Cost savings are substantial due to the absence of sensors along with their cabling, connectors, space requirements and additional parts. The on-chip temperature can be determined without any special fixtures, for
example in LED strings.
The innovative method is characterized by short interruptions of the LED supply
while a small capacitor is discharged over the LED to provide smaller measurement currents for monitoring LED voltage. The interruption for capture the voltage under low currents can be kept very short (10-20 micro seconds) to prevent any noticeable flicker for the eye or at motion pictures.
Many LED applications are using already pulse width modulation dimming and do have already interruptions in their driving, so the integration of the temperature monitoring is very easy.
The junction temperature measurement principle is the best and maybe the only way for an accurate measurement of the real temperature distribution in an application, as an evidence for it have a look at the technical article from Avago:
LED thermal testing.
Sooner or later also the very long lasting LEDs will come to end of life time. The end of life of an LED must not be a full damage it is defined by the reduction of light output down to 60% for instance. As long as all LEDs of a cluster do behave the same it is not a big problem - however LEDs inside automotive headlights and taillights can not be serviced so the full set must be replaced, which can be very expensive.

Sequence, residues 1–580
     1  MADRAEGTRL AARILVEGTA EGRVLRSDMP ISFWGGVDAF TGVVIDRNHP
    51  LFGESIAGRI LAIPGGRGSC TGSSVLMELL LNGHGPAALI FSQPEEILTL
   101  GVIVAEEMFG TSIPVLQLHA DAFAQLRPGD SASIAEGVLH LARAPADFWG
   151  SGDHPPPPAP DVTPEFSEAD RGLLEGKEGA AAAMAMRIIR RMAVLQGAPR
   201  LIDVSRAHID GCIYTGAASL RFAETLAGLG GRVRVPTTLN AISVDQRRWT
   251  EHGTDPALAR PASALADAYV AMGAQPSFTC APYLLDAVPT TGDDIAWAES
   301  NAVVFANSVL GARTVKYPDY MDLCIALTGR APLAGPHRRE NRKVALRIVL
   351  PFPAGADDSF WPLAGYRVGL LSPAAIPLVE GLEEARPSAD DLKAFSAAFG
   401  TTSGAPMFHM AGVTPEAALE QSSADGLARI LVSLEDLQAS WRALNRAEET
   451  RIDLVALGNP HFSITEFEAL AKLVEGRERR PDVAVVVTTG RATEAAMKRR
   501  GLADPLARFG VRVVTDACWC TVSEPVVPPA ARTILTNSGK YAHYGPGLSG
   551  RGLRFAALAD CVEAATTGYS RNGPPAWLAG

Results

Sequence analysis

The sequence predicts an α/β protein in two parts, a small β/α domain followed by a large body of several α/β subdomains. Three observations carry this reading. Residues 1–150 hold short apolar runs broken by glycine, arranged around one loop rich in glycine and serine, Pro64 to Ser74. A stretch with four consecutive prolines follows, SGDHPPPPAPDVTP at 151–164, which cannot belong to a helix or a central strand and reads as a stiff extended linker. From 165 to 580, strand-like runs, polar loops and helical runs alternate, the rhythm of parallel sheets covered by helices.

With our method we can:
- Thermal validation at design phase of light modules
- effective real thermal overload protection of all LEDs inside a light module
- monitoring of LED cooling effectivity over life time of head lamp
- monitoring the LED efficiency
Since LEDs are not fully out of service, when they are at end of life, there is an considerable danger for road safety that in the future vehicles with non sufficient illumination will be present without the driver being aware of.
Already new vehicles have non sufficient road illumination and this is not a problem of cheap cars as you can read in the lighting test article.
A correct and proper thermal management for the LEDs is a must have to avoid an early expensive replacement and a very bad advertisement of quality well visible on the roads.It's even a considerable risk driving with lighting systems, which are not easy serviceable as halogen or HID at end of life - which will come sooner or later for any kind of lighting device.
Thermal glue is aging over the years resulting in a smaller good contact area marked green. The risk of over heating the LED is increasing.
Promised to last longer than halogen. In fact the halogen in my kitchen were running about 25 years. This no name LED was installed about 2 years ago. The cheap and primitive application of LEDs is an environmental and money problem. There is no saving of energy and resources if the quality is that bad.
The dead LEDs are electronic waste, which are difficult or nearly impossible to recycle. It is not to understand why government was stoping the sales of filament bulbs, while tolerating selling of no quality LED bulbs.